The top of Blue Mountain is the highest point of Halifax’s Chebucto Peninsula. While it’s not exactly like scaling the Rockies, it’s a great spot to feel on top of the world in these parts. With the city in the distance and expansive views, it’s a great place for some foreground/background pics. The ever-evolving pile of rocks at the top sometimes serve as the base for a flagpole or take the form of an Inuksuk. 360° View:
One of the best trail systems in the province. (Fairly) well marked and mapped, it’s one of my favourite places for back-country hiking. More suited to experienced hikers, the Admiral Lake Loop is a 3.5km loop full of well-constructed look off spots. Similar to the top of Blue Mountain, the Skull Rock or Rolling Stone look-offs make you feel on top of the world, with great views for kilometres in the distance. 360 View:
3) Fox Lake
The Fox Lake Trail is part of the Kearney Lake trail system (minutes from downtown Halifax). The 3-4km return hike isn’t too strenuous but does require paying attention to your navigation and isn’t for beginners. The look-off is a highly elevated granite outcrop overlooking Fox Lake. Its elevation above the tree canopy is a perfect view of the entire lake, and you can spend a long time here peacefully getting back in tune with nature. Your pics will reflect the zen atmosphere of this spot (yoga pose for extra likes). 360 View:
Towards the end of the Herring Cove Provincial Park Reserve coastal trail is the highest point in the area, and also happens to have a huge pile of rock (leftover from its history as a quarry?) to stand on for an even more elevated platform. Not far from downtown, it’s an epic Halifax Instagram spot that’s only a 1.5km return trip. Beginning from the parking lot look-off (a picturesque spot in itself) this particular spot doesn’t require a long hike to reach. Climbing atop the boulder pile exudes that “I’m the king of the world!” feel. This shot has profile pic written all over it. 360 View:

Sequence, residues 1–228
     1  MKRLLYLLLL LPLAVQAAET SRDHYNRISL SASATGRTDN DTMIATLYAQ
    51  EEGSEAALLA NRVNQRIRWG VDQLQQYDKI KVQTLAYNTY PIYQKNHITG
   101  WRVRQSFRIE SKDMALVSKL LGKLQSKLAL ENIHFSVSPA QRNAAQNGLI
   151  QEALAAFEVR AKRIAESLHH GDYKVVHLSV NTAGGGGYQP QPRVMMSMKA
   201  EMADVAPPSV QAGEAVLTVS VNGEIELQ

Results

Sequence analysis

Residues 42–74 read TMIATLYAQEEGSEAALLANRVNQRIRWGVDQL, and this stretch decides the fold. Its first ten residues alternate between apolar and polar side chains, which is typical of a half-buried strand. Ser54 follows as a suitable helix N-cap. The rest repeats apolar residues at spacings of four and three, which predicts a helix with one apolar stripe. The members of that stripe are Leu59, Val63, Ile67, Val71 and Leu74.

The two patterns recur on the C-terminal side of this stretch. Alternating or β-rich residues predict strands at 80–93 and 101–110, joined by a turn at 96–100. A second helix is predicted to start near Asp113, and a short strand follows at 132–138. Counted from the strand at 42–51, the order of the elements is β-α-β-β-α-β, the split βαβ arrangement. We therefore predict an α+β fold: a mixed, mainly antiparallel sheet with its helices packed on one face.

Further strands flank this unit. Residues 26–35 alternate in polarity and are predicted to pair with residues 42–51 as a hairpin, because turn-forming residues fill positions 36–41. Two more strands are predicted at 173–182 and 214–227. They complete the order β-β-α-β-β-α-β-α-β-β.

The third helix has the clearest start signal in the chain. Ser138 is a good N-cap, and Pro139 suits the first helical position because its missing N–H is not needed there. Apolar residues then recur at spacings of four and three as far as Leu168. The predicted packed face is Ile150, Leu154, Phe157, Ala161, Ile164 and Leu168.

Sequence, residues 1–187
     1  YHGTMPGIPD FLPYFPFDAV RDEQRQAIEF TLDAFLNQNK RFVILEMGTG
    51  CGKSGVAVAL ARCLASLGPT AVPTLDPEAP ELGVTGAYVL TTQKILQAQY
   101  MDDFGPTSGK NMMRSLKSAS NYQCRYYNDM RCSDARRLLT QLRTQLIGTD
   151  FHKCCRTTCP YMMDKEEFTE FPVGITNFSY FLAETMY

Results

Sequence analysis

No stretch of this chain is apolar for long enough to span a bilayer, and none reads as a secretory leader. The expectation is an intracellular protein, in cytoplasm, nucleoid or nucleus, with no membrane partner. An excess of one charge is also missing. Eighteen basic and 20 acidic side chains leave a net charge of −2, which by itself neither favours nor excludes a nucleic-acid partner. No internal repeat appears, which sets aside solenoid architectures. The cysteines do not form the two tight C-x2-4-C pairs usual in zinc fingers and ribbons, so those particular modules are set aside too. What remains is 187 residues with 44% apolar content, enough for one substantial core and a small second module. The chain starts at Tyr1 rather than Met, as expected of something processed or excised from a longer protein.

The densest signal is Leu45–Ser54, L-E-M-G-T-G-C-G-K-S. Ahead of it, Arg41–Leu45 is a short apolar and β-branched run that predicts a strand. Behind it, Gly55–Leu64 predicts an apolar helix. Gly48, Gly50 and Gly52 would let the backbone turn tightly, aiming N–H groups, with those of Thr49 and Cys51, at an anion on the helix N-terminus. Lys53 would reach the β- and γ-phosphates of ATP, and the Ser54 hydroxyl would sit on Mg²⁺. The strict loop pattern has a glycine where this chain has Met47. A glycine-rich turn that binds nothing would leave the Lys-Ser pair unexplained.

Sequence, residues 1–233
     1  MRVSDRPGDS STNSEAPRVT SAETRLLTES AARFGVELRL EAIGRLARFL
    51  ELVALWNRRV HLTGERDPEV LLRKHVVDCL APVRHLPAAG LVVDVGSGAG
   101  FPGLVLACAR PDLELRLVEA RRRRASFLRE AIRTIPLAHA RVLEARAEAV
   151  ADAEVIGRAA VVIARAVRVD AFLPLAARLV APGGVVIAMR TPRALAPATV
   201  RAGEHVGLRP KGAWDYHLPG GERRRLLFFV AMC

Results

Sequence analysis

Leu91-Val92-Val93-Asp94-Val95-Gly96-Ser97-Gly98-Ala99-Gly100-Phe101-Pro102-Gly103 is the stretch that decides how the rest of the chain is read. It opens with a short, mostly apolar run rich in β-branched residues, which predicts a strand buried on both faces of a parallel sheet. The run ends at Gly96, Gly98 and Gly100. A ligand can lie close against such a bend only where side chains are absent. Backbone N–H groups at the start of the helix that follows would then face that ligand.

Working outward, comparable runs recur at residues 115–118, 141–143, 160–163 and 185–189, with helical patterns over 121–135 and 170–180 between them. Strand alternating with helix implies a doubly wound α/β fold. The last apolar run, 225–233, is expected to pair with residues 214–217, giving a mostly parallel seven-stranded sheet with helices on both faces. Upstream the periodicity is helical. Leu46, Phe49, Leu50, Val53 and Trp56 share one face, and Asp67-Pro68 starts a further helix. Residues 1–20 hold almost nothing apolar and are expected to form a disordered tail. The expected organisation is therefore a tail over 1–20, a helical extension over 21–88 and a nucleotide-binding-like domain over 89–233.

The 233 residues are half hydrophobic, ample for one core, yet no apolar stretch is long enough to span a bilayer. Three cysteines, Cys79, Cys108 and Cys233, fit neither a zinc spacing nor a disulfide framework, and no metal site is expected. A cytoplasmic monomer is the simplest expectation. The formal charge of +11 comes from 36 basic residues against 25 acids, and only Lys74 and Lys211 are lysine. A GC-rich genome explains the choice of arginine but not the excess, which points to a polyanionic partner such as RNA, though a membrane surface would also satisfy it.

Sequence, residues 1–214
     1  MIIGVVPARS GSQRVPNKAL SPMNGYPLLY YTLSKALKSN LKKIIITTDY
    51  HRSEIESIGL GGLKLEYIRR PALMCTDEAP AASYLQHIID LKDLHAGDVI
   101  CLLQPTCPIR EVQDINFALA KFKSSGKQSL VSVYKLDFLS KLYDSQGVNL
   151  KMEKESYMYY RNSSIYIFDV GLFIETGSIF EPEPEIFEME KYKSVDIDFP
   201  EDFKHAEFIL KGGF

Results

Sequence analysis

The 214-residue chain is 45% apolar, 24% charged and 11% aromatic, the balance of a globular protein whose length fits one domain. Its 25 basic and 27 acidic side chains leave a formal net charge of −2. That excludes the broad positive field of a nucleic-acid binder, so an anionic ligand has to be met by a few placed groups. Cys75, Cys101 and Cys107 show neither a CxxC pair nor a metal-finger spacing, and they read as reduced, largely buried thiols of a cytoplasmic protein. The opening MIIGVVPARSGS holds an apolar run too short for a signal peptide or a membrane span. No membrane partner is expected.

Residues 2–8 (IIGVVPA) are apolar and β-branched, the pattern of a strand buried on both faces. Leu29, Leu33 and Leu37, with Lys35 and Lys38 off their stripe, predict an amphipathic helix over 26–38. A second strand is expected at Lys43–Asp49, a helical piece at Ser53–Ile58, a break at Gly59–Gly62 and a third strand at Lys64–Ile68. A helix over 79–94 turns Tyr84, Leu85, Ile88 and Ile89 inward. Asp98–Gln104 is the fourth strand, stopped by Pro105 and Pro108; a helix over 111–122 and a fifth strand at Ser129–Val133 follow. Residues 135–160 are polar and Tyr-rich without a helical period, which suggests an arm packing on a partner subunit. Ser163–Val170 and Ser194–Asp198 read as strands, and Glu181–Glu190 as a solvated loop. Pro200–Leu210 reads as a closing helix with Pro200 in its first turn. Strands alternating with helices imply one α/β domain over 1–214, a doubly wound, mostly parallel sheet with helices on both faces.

1) Susies Lake
One of the best Halifax Instagram spots is a lesser-known hiking area behind a building supply store in Bayers Lake Business park. Yeah, I know, it sounds about as scenic as the Walmart parking lot, but this is part of what makes this area so amazing. A short walk into the woods brings you into an entirely different world.
This area, known as the Blue Mountain-Birch Cove Lakes Wilderness Area is as scenic as Kejimkujik National Park and is tucked in the middle of an urban landscape. My favourite spot of this unique area is the Susies Lake look-off. It looks as if you’ve been on a multi-day backcountry excursion to find this astounding view. In reality, it’s a short drive from downtown and a 40-minute return trip hike. Once you familiarize yourself with the route a few times, you can make it to the lookoff to catch a sunset and still have enough time to make it out before it’s too dark (always bring a flashlight and be properly prepared). Not bad for a shopping detour with a still-warm coffee in tow #BestOfBothWorlds. 360 View: